Art Of Programming

musings by Dmytrii Nagirniak

Testing Expected Exception, Revisited

I have been using NUnit for a long time and really got used to it. Nowadays it is very sweet, especially with NUnitEx.
It does have a simple syntax for testing exception. Pretty much what I did long time ago.
It looks like this:
[Test]
public void ThrowsAndGivesMessage() {
    Assert.Throws<FormModelProviderException>(() => new XmlFormModelProvider().CreateModel());
}
BUT, it does not allow me to verify the actual message of the exception. I want to write the code like this to do that:
[Test]
public void ThrowsAndGivesMessage() {
    Action act = () => new XmlFormModelProvider().CreateModel();
    act.Throws<FormModelProviderException>()
        .Message
        .Should().Contain("Form/Form element is not found");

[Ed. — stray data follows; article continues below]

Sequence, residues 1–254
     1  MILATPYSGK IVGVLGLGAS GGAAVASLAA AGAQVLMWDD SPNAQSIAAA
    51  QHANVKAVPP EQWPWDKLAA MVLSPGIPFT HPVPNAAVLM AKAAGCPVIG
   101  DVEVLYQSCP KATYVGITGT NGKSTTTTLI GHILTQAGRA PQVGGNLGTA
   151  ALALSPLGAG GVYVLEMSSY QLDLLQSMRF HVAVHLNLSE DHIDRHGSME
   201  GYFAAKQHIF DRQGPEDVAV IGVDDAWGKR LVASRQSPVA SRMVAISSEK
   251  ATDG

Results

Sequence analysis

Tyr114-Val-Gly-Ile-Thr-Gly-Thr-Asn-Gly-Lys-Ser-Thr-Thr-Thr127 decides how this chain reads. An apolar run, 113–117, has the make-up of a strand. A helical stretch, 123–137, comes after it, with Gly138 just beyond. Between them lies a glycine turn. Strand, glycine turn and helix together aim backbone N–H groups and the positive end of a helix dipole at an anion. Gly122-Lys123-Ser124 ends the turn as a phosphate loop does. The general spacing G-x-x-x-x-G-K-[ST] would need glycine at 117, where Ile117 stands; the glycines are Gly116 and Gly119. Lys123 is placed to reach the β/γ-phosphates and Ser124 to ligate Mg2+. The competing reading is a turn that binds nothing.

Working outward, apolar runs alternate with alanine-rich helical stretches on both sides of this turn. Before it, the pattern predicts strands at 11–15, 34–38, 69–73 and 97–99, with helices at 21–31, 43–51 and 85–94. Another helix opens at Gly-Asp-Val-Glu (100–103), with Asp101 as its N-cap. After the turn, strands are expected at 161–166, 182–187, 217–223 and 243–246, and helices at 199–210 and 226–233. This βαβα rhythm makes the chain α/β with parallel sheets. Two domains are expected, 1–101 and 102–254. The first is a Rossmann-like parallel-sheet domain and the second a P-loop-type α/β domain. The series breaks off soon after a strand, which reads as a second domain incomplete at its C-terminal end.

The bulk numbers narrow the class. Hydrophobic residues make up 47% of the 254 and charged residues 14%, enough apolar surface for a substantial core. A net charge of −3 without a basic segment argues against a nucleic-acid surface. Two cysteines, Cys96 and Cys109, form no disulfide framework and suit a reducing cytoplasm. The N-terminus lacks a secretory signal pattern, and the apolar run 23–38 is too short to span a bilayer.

}

The point here is that I verify the exception type thrown AND get the TYPED exception as the result of the verification so I can do whatever I want with it. One more thing I like is that we explicitly see the acting code.
Ohh, yes. The code to support this:
public static TExpected Throws<TExpected>(this Action a) where TExpected : Exception {
    try {
        a.Invoke();
    } catch (TExpected expected) {
        return expected;     
    } catch (Exception other) {
        Assert.Fail(string.Format("Expected exception of type {0} but {1} was raised.", typeof(TExpected).Name, other.GetType().Name));
    }
    Assert.Fail(string.Format("The expected exception {0} has not been raised", typeof(TExpected).Name));
    return null; // This NULL smells - should be refactored :)
}

Enjoy.

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